Have you ever got word someone with the literal voice as another? Excluding impersonators with near-perfect imitation (not quite “literal” either!), the answer is no. No, you have not. That is because a specifying feature of an idiosyncratic is their voice; all voices are incomparable! In Dramatic Interpretation the same concept applies. It is your task to construe a script afloat of clear-cut characters. In order to do so, every last persona must have an ad hoc voice to talk. How is this executed? Simple
Analyze your script! To happen a voice to specify a character you first necessitate to understand them. Look back to your notes. Reflect on all the notes you joted down down and all the given/deduced information happened in the script. Is there anything in there that would bespeak a talking style? For instance, where does the story take place? What accent does that region use? Where is your character from; what accent do they use? What socio-economic level is the character displaced? What type of profession does the character work–a lawyer and comedian would have antithetic approaches to talking. Does the author or another character depict their speaking style? Are there any personality traits that animate vocalization, like an emphasised character speaking almost wild? Dramatic Interpretation requires you appear at all angles of a character, and through executing that you will get down to think of who this character reminds you of which is an establishing point for vocals.
Experiment. Once you garner ideas from appearing over and analysing your script you should have some fun. Play around with accomplishable voice ideas. Any idea that crosses into your mind seek. A voice you do not attempt could be a pretermited opportunity. Work with accents, pitch, rhythm, etc. Anything you can do with your personal voice this character can do. Just with their idiosyncratic sound. Remember, your vocals are only as restricting as your imagination and playfulness.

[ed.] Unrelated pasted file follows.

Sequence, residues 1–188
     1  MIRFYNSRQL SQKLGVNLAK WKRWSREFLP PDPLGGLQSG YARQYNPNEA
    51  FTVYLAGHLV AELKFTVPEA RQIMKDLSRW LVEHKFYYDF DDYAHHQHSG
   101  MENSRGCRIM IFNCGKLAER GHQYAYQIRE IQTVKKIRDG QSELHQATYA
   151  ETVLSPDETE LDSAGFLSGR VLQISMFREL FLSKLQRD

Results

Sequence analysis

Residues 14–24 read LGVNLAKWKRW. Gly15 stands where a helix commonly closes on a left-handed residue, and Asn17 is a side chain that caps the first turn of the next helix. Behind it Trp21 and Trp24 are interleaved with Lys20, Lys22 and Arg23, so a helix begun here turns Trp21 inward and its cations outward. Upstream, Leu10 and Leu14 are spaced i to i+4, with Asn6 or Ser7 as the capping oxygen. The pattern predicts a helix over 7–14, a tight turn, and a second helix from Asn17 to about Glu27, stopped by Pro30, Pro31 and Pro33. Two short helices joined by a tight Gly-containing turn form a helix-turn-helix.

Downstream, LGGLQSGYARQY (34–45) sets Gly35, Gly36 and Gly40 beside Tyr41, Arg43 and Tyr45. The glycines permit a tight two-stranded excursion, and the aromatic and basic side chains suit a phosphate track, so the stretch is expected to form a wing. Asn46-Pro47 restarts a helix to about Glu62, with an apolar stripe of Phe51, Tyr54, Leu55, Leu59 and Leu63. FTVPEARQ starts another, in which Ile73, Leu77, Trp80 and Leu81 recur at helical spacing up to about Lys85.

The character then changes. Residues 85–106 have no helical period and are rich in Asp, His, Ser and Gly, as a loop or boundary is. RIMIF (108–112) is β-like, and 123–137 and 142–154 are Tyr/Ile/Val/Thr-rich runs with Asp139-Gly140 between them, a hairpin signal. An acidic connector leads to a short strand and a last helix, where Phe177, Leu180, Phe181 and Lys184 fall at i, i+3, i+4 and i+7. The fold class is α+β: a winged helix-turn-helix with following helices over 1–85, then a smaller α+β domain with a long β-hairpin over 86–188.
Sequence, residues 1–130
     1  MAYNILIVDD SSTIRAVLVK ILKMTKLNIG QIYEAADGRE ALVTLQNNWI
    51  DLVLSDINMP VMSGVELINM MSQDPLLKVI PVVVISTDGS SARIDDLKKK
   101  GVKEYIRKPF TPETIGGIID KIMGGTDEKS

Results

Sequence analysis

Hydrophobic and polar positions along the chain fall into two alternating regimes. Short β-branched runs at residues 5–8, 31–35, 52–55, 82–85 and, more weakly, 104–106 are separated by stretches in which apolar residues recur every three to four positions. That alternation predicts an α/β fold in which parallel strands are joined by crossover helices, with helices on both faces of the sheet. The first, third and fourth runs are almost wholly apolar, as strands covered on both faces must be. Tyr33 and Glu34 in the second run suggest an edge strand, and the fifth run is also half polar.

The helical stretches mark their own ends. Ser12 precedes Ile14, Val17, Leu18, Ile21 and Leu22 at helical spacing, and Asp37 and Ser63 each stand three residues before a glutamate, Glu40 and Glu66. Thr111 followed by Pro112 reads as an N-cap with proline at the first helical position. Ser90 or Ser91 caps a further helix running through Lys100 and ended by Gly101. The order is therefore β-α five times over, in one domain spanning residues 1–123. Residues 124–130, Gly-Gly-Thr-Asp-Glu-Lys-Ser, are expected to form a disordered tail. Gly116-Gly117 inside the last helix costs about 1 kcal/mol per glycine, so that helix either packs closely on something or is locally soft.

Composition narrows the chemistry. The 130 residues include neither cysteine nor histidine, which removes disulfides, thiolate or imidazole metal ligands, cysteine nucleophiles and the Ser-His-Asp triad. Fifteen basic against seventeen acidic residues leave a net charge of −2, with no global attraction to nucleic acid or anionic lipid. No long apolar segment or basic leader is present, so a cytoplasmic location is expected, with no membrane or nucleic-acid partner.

Record yourself. Know how when you speak into a microphone or hear a recording of yourself your first response is “I sound like that?!” Well, don’t you want to know how this new character’s voice will sound to the masses? Before you unveil it? If you do wonder, it might be useful to record yourself with either a tape-recorder or a camera. This way you can get word exactly what everyone in your Dramatic Interpretation pear-shaped will get word. If anything sounds inexact you can aline in secret and no one will cognize of your communicative experiments.
Test it out. Take your new voices and use them on friends and family. Even if your barricading is not executed, take your script and scan people your piece with character voices. Ask for honesty and get feedback on what people thought. You might not bask the criticism, but getting advice prior to traveling into a pear-shapeds battle is worthy the formative criticism.
Re-group and polish. Between getting notes from your coaches, team members, judges, friends, etc you might be proffered a suggestion that sounds colourful. Do not be acrophobic to play around with you voice and the advice. Dramatic Interpretations are intended to germinate. Adjust and practice!
Tears and crying..be warned to not throw your character’s voice away by sobbing. Because of this event’s grave nature, shouting out might happen. If you make up one’s mind to shed a rupture do so but be alive your character’s voice must stay clean. This applies to other non-crying characters partaking the scene.
PRACTICE!!! Practice is a given. You are working with many voices; all with clear-cut communicative patterns and spectacular situations that influence voice. Know your vocalizations stale to debar dropping down your voices mid-performance
These seven steps could be your way to clean character voices. Dramatic Interpretation is difficult for all the aspects of performance you must analyse for aggregate characters, but if you do your job thoroughly and with dedication your characters will pop–figuratively and literally
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